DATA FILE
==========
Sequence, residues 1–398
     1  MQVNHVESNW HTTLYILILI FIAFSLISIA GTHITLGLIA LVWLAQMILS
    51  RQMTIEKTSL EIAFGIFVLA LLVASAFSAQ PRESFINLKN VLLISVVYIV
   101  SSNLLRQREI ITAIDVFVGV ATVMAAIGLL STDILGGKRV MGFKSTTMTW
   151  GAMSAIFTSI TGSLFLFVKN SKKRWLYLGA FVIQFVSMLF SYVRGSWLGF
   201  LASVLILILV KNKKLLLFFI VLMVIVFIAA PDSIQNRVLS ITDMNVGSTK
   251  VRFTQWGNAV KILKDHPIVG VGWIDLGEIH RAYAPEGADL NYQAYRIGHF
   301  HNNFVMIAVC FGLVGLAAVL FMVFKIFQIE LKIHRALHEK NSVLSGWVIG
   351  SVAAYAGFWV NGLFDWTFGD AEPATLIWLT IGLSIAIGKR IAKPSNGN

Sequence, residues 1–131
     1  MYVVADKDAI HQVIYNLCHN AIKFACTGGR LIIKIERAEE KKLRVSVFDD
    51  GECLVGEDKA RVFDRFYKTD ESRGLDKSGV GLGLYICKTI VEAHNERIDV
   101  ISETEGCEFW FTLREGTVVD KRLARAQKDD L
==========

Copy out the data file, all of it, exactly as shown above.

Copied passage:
Sequence, residues 1–398
     1  MQVNHVESNW HTTLYILILI FIAFSLISIA GTHITLGLIA LVWLAQMILS
    51  RQMTIEKTSL EIAFGIFVLA LLVASAFSAQ PRESFINLKN VLLISVVYIV
   101  SSNLLRQREI ITAIDVFVGV ATVMAAIGLL STDILGGKRV MGFKSTTMTW
   151  GAMSAIFTSI TGSLFLFVKN SKKRWLYLGA FVIQFVSMLF SYVRGSWLGF
   201  LASVLILILV KNKKLLLFFI VLMVIVFIAA PDSIQNRVLS ITDMNVGSTK
   251  VRFTQWGNAV KILKDHPIVG VGWIDLGEIH RAYAPEGADL NYQAYRIGHF
   301  HNNFVMIAVC FGLVGLAAVL FMVFKIFQIE LKIHRALHEK NSVLSGWVIG
   351  SVAAYAGFWV NGLFDWTFGD AEPATLIWLT IGLSIAIGKR IAKPSNGN

Sequence, residues 1–131
     1  MYVVADKDAI HQVIYNLCHN AIKFACTGGR LIIKIERAEE KKLRVSVFDD
    51  GECLVGEDKA RVFDRFYKTD ESRGLDKSGV GLGLYICKTI VEAHNERIDV
   101  ISETEGCEFW FTLREGTVVD KRLARAQKDD L